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Asian Star- Hon. Minister Leela Aheer


Native Village/Country parent’s background
 I am born and raised in Alberta. My father is East Indian and mother is Caucasian.
 Your Early Education
 I graduated from Chestermere High School before studying political science at the University of Calgary for several years and then obtained a Bachelor’s degree in music from the University of Manitoba. 
 When & Why You came to Canada
 I was born in Edmonton, Alberta, and raised in Chestermere. Currently, I along with my husband, Malkeet, and two children, Akesh and Sehran reside in Chestermere.
Your career advancement initiatives, volunteer work and present occupation
I am an active volunteer, especially in areas of music and the arts and also lend my time and energy to more than 50 events per year and has received numerous accolades for my efforts, including the volunteer of the year award from the Town of Chestermere in 2013. I am also a dedicated advocate for individuals with special needs and regularly spends my time volunteering at hospitals and other care facilities.
 Pick Any One of Your Best Achievements
 In my capacity as an elected official, I am supporting my colleagues in the passage of Clare’s Law. This legislation will help people at risk make an informed choice about potentially harmful relationships.
 Clare’s law:
Allowing people at risk of domestic violence to obtain information on an intimate partner’s previous history of domestic violence or other relevant acts could save lives.
This law would allow people at risk to make an informed choice about potentially harmful relationships.
This is an additional tool to prevent domestic violence in Alberta and empower people who may be at risk.
Half of all young women and girls who were victims of domestic violence homicide in Canada were murdered by someone with a prior conviction. Most often, this conviction was for another violent offense such as sexual or physical assault.
Alberta has the third highest rate of police-reported intimate partner violence of the Canadian provinces.
From 2008-2017, there were 166 deaths in Alberta due to family violence.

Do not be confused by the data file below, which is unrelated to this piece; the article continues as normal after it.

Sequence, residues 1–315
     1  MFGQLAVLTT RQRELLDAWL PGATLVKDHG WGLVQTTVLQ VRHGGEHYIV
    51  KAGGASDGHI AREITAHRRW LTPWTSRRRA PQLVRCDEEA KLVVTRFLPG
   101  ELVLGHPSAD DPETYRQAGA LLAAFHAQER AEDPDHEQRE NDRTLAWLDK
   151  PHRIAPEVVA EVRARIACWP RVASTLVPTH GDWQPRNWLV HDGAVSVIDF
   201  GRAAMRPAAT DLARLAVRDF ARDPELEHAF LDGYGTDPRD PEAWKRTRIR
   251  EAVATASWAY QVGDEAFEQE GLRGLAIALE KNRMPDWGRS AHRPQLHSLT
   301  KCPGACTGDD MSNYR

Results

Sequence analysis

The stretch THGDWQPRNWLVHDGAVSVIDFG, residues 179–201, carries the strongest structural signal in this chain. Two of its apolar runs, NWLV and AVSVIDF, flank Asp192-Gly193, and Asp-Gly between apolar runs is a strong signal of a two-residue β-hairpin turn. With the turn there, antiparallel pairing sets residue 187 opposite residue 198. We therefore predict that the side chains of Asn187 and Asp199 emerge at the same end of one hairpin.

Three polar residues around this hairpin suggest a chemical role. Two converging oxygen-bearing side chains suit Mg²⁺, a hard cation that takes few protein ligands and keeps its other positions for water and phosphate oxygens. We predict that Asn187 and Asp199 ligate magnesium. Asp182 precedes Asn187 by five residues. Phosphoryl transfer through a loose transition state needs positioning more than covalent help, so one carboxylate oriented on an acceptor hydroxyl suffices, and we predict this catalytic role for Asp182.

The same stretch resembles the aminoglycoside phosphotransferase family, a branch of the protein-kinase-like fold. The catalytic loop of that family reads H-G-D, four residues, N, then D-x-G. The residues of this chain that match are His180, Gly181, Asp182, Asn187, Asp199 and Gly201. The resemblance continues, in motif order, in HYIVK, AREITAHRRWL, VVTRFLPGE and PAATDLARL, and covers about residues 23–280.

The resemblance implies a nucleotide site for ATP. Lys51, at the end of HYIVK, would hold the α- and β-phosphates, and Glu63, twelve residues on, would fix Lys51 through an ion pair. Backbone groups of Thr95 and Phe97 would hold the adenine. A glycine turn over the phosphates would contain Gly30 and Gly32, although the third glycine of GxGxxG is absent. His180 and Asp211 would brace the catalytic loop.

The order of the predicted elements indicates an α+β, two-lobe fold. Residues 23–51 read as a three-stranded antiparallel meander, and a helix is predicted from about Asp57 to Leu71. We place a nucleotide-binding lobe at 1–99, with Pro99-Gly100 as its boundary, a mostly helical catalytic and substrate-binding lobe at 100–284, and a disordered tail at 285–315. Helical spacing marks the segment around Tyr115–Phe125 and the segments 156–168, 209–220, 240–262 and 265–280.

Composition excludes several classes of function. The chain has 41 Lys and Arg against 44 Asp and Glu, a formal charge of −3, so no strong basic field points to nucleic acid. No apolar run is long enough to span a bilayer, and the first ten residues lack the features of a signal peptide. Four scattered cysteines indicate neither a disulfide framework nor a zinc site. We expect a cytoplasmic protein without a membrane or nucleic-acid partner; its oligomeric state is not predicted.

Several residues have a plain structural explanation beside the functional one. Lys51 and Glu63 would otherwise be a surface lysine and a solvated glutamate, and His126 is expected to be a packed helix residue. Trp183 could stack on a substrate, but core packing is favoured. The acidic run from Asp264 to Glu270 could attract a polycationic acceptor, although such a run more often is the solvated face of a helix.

Saskatchewan passed a similar law in May 2019. Newfoundland and Labrador are currently developing a version of Clare’s Law.
The government made an election platform commitment to address domestic violence in Alberta.
This tool will help people at risk of—or who are experiencing—domestic violence makes informed decisions about potentially harmful relationships.
Obtaining this information could help protect people at risk of domestic violence.
This tool could help save the lives of many vulnerable Albertans.
The act will enable the “right to ask” – people at risk of domestic violence will be able to apply for information on whether their intimate partner has a history of domestic violence.
It will also enable the “right to know” – police will be able to provide relevant information to those at risk of domestic violence, without an application.   
Were You Ever Discriminated?
When I was 15, an Aryan Nations chapter opened near Caroline, Alta. The chapter sent me a letter saying I was an abomination. They accused me of corrupting a white Christian bloodline, simply because my father is East Asian and my mother is white. In response, my high school teacher and I wrote a letter to the students of Chestermere High School, challenging white supremacy and racism.
Any Comments on Canada’s Culture
Canada is Canada because of the beautiful tapestry woven together by the incredible diversity in our province that celebrates the colour, culture, pageantry, food, traditions and families of those who have paved the way for the rest of us to follow. 
Are You Willing to Help New Immigrants and How?
I believe that through the lens of multiculturalism we can begin conversations that will play a large part in combating racism. Racism is partially fuelled by a lack of understanding and fear of change. One important piece of this puzzle is bringing people together to share their stories, build relationships and promote diversity.
I believe that as elected officials on both sides of the house we all have the same goal: a province in which all people are treated equally, where no one has to fear for their life, and where anyone can pursue their dreams and faith freely.
I will look to my colleagues in government to root out any racism in our health care, justice and education systems. I will continue to work with Albertans from different cultures and ethnicities so our actions across government can be guided by their lived experiences.
 

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